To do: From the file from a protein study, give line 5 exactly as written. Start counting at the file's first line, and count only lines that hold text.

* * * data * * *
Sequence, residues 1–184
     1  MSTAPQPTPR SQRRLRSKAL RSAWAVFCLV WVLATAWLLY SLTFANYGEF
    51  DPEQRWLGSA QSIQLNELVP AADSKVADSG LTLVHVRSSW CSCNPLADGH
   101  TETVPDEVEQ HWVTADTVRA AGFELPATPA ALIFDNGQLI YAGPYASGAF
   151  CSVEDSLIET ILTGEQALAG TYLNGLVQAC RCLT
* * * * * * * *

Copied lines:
   151  CSVEDSLIET ILTGEQALAG TYLNGLVQAC RCLT